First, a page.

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D.C. Courts Pop-Up Businesses Ahead of WorldPride

announced at a vacant storefront at Connecticut Avenue and L Street NW, which will soon be transformed into a pop-up as part of Capital Fringe, an annual arts festival scheduled to take place from July 9 to 21.Japer Bowles, director of the Mayor’s Office of LGBTQ Affairs, hailed the program as a potential boon not only for the city as a whole, but for the LGBTQ community, especially in advance of D.C.’s hosting of WorldPride in 2025.“This is going to be great for WorldPride, because LGBTQIA+ businesses and business owners — whether in D.C. or in the region, or nationally or internationally, can come to D.C.

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Gay Furries Hack Right-Wing Network Real America’s Voice
#OpTransRights2 breach is here!We've breached Real America's Voice, a news platform spreading LGBTQ+ misinformation! time for a bit of lulz~User data leaked, AWS S3 buckets deleted, and user data wiped :3 https://t.co/dOLrkHkOrG pic.twitter.com/4yrP5SjEI7— SiegedSec (@SiegedSecurity) April 15, 2024SiegedSec also bragged about its actions on its X account, saying the hack was the second iteration of #OpTransRights, “a broader offensive against transphobia and the organizations that perpetrate it.”According to The Daily Dot, the data reportedly wiped from the Amazon server included personal user information related to the network’s top shows, including those hosted by right-wing mouthpieces, including Turning Point USA founder Charlie Kirk, former advisor to President Trump Steve Bannon, and musician Ted Nugent.It’s unclear whether the hack caused any permanent damage.The #OpTransRights campaign started last year after the group targeted government websites in five states over their policies limiting access to gender-affirming care.The campaign was revived on April 1 when SiegedSec hacked the website of the River Valley Church in Burnsville, Minnesota, over anti-transgender remarks made by its pastor, Rob Ketterling.The hack of the River Valley Church website resulted in the leak of about 15,000 user accounts from the ministry’s website, as well as private prayer requests.The group followed that action by doxing Ketterling, making his email and personal phone number public, and encouraging pro-transgender advocates to send him texts criticizing his anti-trans rhetoric.SiegedSec addressed criticism of the group that the online attacks reflect negatively on the LGBTQ community as a whole.“Throughout our attacks on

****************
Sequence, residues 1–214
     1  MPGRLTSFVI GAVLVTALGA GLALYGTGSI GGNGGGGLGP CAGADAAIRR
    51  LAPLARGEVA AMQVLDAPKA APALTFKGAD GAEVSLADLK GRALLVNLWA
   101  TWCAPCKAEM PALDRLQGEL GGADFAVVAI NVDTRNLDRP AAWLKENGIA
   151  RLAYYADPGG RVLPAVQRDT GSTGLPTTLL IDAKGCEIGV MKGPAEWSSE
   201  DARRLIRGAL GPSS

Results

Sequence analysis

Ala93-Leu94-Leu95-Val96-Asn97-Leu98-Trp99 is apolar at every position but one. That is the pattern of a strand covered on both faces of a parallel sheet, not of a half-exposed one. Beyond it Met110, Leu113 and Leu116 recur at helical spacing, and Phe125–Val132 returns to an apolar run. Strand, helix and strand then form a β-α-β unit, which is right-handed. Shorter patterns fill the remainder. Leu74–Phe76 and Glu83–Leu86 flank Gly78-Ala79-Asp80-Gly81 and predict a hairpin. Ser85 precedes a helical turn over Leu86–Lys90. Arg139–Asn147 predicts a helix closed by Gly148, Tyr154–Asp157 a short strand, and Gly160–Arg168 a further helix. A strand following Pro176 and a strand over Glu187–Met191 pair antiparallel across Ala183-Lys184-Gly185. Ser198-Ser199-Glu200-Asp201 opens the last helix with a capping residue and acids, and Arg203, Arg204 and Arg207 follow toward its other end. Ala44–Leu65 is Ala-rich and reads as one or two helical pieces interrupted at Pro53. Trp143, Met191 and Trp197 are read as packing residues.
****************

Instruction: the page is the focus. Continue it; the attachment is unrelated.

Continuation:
Biden’s New School Rules Protect LGBTQ Students
Supreme Court decision finding that the Civil Rights Act protects LGBTQ workers from workplace discrimination, and that instances of anti-LGBTQ discrimination are inherently a form of sex-based discrimination.The revised Title IX rules also restore some protections for students who make sexual assault allegations against other students, offering them alternatives to Trump-era policies that required live hearings in which students could cross-examine each other when an accusation was contested.Democrats, including some LGBTQ advocates, had long criticized the Trump-era policies, arguing they were overly deferential to students accused of sexual violence.The new rules also expand the types of harassment complaints that schools are required to investigate, asserting that schools must address any unwelcome sex-based conduct that is so “severe or pervasive” that it limits a student’s equal access to an education, but do not completely roll back provisions instituted under former Education Secretary Betsy DeVos intended to bolster accused students’ due process rights.“These regulations make it crystal clear that everyone can access schools that are safe, welcoming and that respect their rights,” Secretary of Education Miguel Cardona said in a call with reporters on Thursday.Regarding the explicit LGBTQ protections, Caronda added, “No one should face bullying or discrimination just because of who they are, who they love.